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Item #38939

Cased Wilkinson-Pryse No. 4 Revolver Identified

  • Maker: Wilkinson
  • Model: No.4
  • Caliber: .450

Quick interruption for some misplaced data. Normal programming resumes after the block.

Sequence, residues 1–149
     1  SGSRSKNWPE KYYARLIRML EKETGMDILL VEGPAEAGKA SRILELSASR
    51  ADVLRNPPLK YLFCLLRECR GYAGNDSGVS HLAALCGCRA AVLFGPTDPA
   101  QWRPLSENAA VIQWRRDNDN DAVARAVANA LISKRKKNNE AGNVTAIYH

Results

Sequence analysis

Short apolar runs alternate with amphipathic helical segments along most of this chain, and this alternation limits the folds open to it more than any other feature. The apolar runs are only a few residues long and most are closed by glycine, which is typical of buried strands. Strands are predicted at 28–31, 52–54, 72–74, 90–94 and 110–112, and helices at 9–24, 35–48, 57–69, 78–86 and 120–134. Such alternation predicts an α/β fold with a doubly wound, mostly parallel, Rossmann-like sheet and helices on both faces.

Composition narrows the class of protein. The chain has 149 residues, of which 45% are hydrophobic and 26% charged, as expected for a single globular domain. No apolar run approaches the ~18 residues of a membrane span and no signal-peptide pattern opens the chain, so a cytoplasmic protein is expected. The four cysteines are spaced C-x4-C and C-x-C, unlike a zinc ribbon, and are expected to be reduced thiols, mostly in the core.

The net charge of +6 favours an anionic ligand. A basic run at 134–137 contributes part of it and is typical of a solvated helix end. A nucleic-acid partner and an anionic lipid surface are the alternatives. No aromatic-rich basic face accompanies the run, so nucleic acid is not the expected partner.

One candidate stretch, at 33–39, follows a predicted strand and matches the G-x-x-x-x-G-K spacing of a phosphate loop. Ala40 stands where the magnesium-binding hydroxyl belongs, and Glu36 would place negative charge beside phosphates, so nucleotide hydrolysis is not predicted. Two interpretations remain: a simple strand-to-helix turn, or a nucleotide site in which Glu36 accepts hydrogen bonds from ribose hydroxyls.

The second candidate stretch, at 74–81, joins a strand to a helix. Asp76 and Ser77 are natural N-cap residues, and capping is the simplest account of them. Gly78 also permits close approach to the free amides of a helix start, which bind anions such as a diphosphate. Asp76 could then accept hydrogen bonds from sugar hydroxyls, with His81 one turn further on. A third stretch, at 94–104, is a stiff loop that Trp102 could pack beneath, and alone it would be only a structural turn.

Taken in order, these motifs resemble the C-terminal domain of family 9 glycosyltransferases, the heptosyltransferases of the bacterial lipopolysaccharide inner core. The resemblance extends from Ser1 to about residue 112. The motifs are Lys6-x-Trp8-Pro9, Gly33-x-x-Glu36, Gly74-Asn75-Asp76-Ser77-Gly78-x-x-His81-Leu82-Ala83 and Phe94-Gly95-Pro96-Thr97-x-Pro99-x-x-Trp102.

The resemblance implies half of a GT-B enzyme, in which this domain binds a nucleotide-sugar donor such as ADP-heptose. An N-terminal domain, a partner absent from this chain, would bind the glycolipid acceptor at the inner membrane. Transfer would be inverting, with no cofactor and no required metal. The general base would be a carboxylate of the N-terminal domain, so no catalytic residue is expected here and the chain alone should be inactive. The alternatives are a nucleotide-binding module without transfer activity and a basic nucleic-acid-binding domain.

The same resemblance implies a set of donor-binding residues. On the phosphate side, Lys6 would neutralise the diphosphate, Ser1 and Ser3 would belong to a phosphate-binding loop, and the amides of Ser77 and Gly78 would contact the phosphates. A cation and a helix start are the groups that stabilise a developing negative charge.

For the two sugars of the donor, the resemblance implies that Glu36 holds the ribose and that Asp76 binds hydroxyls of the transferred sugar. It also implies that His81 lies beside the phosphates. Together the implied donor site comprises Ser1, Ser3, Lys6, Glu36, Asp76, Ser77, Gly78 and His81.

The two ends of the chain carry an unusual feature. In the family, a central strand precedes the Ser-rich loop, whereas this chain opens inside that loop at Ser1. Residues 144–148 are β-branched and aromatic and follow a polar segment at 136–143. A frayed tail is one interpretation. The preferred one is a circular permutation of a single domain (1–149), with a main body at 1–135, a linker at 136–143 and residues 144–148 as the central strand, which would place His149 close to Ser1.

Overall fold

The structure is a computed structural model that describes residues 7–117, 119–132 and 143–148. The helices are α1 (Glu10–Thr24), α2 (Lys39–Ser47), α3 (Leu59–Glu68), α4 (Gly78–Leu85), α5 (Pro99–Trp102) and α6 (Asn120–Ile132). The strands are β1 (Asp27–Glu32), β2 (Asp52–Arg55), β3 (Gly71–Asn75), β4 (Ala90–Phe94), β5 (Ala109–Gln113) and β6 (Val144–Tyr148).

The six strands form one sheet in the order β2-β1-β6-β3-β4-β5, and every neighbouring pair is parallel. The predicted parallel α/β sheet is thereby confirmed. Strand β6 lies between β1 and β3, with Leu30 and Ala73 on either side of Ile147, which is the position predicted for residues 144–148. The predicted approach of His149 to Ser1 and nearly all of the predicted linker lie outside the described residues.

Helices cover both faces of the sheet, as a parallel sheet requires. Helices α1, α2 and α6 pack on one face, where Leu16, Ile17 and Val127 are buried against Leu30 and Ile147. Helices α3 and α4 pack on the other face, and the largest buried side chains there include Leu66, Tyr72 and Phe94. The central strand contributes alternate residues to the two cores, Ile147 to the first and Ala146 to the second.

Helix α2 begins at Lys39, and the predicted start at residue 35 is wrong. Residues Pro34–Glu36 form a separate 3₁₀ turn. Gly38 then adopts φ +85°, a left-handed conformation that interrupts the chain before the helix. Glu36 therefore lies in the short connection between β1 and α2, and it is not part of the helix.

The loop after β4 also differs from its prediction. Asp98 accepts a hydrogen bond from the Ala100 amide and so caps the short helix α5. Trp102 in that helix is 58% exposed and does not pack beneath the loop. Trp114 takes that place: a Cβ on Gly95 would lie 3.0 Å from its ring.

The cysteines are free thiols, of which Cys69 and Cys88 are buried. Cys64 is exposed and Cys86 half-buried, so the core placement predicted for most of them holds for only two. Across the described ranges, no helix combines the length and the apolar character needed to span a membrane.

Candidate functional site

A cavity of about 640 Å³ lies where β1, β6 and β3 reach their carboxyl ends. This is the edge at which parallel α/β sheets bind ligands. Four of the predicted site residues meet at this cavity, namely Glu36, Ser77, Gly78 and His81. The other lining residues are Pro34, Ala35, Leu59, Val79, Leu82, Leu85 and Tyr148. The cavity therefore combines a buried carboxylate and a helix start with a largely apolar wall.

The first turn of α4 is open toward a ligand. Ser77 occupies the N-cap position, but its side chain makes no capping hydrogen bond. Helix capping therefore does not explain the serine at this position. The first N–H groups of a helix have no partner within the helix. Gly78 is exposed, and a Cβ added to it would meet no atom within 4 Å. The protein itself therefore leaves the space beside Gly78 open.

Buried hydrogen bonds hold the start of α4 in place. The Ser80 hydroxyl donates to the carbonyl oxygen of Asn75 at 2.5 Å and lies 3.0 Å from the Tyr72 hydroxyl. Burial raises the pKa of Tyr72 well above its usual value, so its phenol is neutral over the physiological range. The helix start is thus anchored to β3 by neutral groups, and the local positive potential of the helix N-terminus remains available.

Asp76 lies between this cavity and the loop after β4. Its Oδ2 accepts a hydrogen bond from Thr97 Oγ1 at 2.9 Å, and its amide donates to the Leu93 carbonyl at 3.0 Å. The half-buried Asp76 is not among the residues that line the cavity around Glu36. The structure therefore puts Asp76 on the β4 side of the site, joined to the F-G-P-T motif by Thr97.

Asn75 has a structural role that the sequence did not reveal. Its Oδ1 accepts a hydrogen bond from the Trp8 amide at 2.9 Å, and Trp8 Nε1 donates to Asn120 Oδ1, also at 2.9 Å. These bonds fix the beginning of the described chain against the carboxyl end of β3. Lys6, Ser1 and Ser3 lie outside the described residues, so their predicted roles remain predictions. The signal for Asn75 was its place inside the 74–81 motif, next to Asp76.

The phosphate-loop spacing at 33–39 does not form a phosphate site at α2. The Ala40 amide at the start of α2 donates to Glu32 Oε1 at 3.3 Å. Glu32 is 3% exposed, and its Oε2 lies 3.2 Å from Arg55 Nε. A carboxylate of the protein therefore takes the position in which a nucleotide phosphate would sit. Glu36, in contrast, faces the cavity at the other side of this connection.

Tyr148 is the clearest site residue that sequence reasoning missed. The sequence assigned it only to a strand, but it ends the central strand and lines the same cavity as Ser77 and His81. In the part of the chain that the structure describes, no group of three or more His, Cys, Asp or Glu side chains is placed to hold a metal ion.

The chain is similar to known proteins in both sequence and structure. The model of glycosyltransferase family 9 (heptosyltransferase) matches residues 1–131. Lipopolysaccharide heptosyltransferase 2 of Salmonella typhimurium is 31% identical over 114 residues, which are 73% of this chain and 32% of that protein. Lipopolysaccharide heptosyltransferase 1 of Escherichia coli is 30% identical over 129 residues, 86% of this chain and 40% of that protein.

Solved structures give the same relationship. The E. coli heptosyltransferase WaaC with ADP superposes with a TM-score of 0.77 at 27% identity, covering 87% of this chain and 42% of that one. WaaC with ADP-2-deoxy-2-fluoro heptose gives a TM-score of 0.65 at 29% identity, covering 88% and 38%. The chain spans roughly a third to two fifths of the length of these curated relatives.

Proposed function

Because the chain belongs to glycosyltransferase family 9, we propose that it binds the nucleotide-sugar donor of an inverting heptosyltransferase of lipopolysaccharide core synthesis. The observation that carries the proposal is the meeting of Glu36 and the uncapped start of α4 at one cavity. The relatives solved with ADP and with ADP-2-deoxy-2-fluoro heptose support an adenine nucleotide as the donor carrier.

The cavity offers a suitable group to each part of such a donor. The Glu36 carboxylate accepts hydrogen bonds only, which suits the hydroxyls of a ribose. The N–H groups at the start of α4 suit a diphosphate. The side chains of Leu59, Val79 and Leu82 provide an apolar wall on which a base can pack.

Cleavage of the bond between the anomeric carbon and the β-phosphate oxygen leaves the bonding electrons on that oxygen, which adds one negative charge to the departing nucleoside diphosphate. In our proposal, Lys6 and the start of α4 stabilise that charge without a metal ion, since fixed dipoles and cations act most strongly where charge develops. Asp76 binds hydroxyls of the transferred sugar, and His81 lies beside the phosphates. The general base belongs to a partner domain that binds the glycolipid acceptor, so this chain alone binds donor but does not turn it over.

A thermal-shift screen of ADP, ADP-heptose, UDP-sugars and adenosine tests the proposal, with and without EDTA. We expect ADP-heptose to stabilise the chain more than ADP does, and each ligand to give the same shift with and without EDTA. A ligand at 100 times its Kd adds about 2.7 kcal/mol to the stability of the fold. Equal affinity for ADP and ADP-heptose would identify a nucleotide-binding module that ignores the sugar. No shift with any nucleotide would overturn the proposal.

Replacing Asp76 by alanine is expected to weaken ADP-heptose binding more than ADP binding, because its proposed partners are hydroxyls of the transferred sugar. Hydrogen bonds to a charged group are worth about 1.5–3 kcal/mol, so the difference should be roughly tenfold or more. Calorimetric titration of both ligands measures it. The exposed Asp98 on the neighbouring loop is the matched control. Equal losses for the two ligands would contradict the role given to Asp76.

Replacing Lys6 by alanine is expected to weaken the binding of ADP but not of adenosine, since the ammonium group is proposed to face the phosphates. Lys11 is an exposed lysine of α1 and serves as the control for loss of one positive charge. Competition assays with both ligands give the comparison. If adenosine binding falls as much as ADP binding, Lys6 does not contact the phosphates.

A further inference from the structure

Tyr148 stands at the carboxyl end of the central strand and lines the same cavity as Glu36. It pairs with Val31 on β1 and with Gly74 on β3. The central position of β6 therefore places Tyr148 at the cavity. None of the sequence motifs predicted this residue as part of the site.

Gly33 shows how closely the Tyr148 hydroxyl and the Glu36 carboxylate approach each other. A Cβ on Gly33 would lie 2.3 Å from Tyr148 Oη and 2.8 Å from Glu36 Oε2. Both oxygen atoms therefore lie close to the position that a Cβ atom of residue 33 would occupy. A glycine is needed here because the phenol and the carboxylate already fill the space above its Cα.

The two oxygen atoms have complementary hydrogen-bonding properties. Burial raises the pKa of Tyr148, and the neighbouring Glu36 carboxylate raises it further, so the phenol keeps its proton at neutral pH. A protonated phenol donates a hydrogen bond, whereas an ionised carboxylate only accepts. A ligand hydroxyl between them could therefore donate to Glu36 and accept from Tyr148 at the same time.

• Description: Serial #1055 (Wilkinson #6793), .450 CF, 5 1/2 octagon barrel with a fine, bright bore that has some traces of freckling within the grooves. This is a handsome, all-matching numbers revolver that has retained 97-98% of the original nickel finish that has flaked to freckled plum-brown along some of the edges and projections, especially along the face of the cylinder. The top of the barrel rib is engraved, WILKINSON & SON 27 PALL MALL LONDON, and a further JOHN / STANTON & Co. marking is present stamped into the metal under the grip, and the Wilkinson number is acid-etched into the outside of the trigger guard bow. The walnut grip is in fine shape, with only minor handling marks and blemishes. The lock-up is firm, and the action functions flawlessly. The revolver is housed in an original wooden case with a fairly modern scarlet baize interior lining, however the original Wilkinson paper label is still intact and present. The case has five compartments, with one containing a 49 round cartridge block. The lid has an inlaid brass name plaque engraved: F.W. BURNETT, and is in fine shape, save for a stable linear crack along the bottom. The original key, a pewter oil bottle, turn-screw, and cleaning rod are also included. Frederick Walton Burnett was born ca. 1860, and was educated at Harrow, before leaving mid-season to attend the Royal Military College, Sandhurst in 1876. He was 7th in his class of 100 cadets, and received a commission as a 2nd Lieutenant May 1, 1878. He was one of those present at Queen Victorias Levee of May 24, 1878 at St. James Palace, and was listed as 2nd Lieut. F.W. Burnett, 2nd Battalion, 23rd Royal Welsh Fusiliers. Six days later, he sailed for his posting at Gibraltar, but was wracked with ill-health, he was soon retired, and left the Army for good on February 2, 1879. He eventually emigrated to New Zealand, and became a farmer in the Auckland area, and no more is known. This is a fantastic example of a desirable Wilkinson-Pryse, and would make a splendid addition to any collection. Antique